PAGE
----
Secchū Suikin（Waterfowls in the Snow）
Abe Shunpō was born in Fukuoka Prefecture in 1877. He went out to Kyōto and studied the techniques of drawing bird-and-flower in the Shijō style under Fukada Chokujō first. Then, he worked even harder to master it under his second master, Kikuchi Hōbun. He exhibited splendid bird-and-flower paintings at art exhibitions hosted by the government and left many of these paintings on the sliding doors of temples. He temporarily returned to his hometown Fukuoka, but after the Second World War, he returned to Kyōto. He died in 1956 at the age of 78 years old.
“Secchū Suikin-Zu (Waterfowls in the Snow)” was a work made in 1942 when Shunpō was 65 years old and it was a dedication painting to the military. The society was in the midst of wartime turmoil, and many of the subjects in Japanese paintings were intended to heighten the war spirit, but Shunpō painted a tranquil scene of waterfowl, a mandarin duck couple, and a single duck in the snow.
Snow settles on dry plants and leaves of the reeds by the water. The water is cold, and in this white world, the flamboyant mandarin ducks and the small red fruits of the multiflora rose are impressively depicted.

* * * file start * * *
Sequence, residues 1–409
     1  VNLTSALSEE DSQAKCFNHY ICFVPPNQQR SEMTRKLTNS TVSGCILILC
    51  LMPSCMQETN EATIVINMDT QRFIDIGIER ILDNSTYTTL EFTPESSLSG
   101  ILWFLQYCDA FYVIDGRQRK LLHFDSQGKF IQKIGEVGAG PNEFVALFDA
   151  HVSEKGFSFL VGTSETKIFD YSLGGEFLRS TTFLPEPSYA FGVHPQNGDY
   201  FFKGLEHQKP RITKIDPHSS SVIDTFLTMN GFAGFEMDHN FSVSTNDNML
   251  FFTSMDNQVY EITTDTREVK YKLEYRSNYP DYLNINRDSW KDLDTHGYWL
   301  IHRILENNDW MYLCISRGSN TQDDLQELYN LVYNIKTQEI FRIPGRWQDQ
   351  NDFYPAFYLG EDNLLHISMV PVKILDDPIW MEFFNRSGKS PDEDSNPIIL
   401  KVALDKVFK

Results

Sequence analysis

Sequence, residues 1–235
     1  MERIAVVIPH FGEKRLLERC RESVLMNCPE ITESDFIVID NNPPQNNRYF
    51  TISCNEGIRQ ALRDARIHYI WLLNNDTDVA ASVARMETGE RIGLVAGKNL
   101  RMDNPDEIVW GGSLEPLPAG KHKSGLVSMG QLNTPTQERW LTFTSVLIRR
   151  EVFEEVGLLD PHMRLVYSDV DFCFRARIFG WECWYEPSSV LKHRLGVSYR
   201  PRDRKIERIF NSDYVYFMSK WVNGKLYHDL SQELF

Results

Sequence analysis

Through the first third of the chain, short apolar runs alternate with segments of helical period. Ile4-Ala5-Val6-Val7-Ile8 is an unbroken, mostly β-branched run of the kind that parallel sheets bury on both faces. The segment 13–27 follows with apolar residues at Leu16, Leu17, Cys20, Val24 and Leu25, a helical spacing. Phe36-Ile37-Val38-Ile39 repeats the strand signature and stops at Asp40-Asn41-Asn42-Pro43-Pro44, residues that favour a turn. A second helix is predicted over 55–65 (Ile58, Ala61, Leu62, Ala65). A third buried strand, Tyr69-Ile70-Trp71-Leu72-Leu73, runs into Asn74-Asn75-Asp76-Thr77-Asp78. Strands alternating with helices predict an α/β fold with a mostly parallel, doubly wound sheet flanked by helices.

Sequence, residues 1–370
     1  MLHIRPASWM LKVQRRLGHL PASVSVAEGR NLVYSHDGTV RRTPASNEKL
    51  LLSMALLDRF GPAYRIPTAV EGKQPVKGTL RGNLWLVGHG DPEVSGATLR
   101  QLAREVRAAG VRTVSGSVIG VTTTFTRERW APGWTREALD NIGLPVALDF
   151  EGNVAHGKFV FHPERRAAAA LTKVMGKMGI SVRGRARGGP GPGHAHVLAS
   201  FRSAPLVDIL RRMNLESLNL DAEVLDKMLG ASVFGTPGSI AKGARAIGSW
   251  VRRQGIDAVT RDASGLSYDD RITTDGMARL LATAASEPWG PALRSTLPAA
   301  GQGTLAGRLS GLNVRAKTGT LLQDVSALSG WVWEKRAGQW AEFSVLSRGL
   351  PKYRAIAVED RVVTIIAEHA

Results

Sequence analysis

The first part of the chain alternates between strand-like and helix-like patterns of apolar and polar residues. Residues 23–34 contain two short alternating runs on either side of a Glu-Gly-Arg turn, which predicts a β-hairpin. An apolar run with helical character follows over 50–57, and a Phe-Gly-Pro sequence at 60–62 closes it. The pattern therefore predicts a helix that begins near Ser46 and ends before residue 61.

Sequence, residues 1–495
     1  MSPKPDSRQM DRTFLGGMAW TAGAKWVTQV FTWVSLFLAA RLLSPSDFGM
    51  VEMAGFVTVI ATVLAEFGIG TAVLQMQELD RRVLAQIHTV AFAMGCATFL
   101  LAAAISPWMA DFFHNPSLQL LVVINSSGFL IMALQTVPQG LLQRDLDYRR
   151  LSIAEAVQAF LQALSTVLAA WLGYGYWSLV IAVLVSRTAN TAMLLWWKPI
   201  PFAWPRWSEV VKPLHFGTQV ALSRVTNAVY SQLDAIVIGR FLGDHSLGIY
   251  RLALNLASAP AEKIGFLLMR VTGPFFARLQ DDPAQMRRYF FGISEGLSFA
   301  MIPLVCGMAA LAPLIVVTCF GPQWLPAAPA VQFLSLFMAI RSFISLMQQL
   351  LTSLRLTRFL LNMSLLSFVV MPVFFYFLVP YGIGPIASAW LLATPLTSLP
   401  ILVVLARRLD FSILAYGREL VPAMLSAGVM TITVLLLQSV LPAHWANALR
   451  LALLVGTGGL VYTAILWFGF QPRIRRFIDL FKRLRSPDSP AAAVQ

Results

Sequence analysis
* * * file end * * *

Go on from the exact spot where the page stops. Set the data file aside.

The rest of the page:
Still, we can say, the mandarin ducks are depicted in a restrained manner. Shunpō chose the theme: the bird-and-flower painting for his dedication artwork to the military, probably because that was what he was best at. The figure of waterfowl in the snow likely reflects Shunpō’s thoughts during the harsh wartime period. Depending on how you look at it, deep snow and thorny multiflora roses seem to express a social condition that is becoming more and more absorbed in a military-controlled society day by day. The painting captures waterfowl floating in the water, which Shunpō was accustomed to depicting. In front, there are dry reeds covered with snow. The composition skillfully produces subtle movements in the quiet painting since the viewers feel as if they peer into the waterfowl in the water through reeds. The male mandarin duck is dozing with half-open eyes, while the female mandarin duck has her eyes open and seems to look for something. We can read a slight movement here too.
Although the work lacks the decorativeness unique to bird-and-flower paintings, it is a work that we can see through the experienced technique of Shunpō, who has devoted his life to this kind of painting.